Developer: Fusionsphere Systems/Animation Arts
Released: June 30th, 2010
Platform : NDS
As a Sierra paycheck is what fed me for the first six or so years of my life, I feel I have a rather intimate connection to the old-school adventure game. Some of my first attempts at gaming were designed by Roberta Williams, so playing Secret Files was like a walk down memory lane. This is good in some ways, but bad in several others.
Central to the story is the Tunguska Event; a mysterious explosion in the skies of Siberia in 1908. Now hypothesized to have been a small asteroid explosion, the game insinuates a somewhat more… sinister… explanation.You follow protagonist Nina Kalenkov in her search for her missing father, noted for conducting research into said event. Not the most inventive motivation, but I’ll forgive them that, for now. After he was kidnapped by mysterious black-robed beings in his museum in Berlin, his daughter has to follow his trail across the globe and back, accompanied by her father’s co-worker, Max Gruber. Along the way, she finds seemingly hundreds of random objects, picks all of them up (just in case, you see) and keeps them in her pockets. You never know when you might have to staple a cell phone to a cat, after all. This is one of those moments when a little bit of advancement in adventure gaming in the past ten years would have been much appreciated. It has the same “pick up everything that looks a little bit out of place and keep it in your pocket” mechanic as the Kings Quest games, and seems to have thought it was also a good idea to keep the ludicrous uses for those items intact. That thing about attaching a phone to a cat? I wasn’t kidding.
But what really got to me about the items and silliness was how absolutely contrived it all felt. While you can’t expect them to let you waltz obstacleless through the game, it seems like they latched on to every opportunity they could to make you solve a puzzle. I can just here Nina’s thoughts, “Oh look! There’s a key in daddy’s fishtank! I bet it opens this box! Now, let’s see… I could either pry the top off with any of the multitude of items at hand, or I could go through a convoluted set of events to fix a girls bike in order to obtain a magnet, and fish the key out.” And wouldn’t you know it, she chooses the latter option. And why in hell did a magnet seem like appropriate recompense for fixing a bike? Things like this happen all the time, and really get in the way of suspending disbelief.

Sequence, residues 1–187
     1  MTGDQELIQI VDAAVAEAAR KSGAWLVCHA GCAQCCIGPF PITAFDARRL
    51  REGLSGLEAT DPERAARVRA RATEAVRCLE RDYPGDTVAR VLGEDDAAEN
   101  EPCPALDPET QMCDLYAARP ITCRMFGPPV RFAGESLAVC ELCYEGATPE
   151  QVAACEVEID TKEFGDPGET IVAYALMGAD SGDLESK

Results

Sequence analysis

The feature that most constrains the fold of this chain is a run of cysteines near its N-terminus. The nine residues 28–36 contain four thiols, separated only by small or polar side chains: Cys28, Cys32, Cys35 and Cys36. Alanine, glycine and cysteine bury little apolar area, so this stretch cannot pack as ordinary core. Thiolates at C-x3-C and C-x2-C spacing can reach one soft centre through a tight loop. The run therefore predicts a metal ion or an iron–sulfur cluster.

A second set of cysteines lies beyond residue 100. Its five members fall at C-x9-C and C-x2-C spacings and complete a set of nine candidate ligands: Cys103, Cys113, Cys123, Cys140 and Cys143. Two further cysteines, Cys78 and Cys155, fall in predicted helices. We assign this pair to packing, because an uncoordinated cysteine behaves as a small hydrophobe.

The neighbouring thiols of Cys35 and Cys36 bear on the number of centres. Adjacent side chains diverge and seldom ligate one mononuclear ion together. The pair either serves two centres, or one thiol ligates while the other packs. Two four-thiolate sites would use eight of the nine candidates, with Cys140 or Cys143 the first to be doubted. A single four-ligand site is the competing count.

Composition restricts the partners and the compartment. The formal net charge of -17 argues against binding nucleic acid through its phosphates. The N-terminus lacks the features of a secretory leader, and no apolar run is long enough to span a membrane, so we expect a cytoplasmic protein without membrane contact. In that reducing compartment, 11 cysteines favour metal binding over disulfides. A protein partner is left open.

On the plus side, the pretty graphics and passable voice acting put’s the old-fashioned gameplay in pretty new wrapping paper. But sometimes, that fairly decent voice acting is a bit ruined by what those voices are made to say. It’s like the campiest noir writer ever decided to branch out into video games. “Listen, girlie. I’ve been in the business for almost 40 years–I know when something stinks–and this thing really stinks!” says some random gumshoe, who of course refuses to help find Nina’s father. Gems like that litter the game, and are almost literally painful to hear.
To tack on to the cliched, campy feeling, the cut-scenes are awash in the stock-and-trade of cheesy horror directors. Camera pans reveal cars trailing the heroine, spooky villains appear behind her in mirrors, and so on.
But as I see it, the game may have its faults, but the atmosphere, visuals, and old point-and-click stand-bys make the game a worthy homage to the classics. Sure, it felt like playing something that was made over ten years ago, but there’s some merit in that, isn’t there?
For those of you with no urge to read the whole article, here’s a summery:
- Faithful throwback to the mid-90’s point-and-click adventure games
- Decently voice acted
- Eye-pleasing visuals (especially for the DS)
- Creepy and occasionally beautiful atmospheric settings
- Painfully written
- Characters with the depth of a roadside puddle
- Increasingly nonsensical item combinations and solutions
- Maybe too much of a throwback to those old games
I give it 6 out of 10 capsules.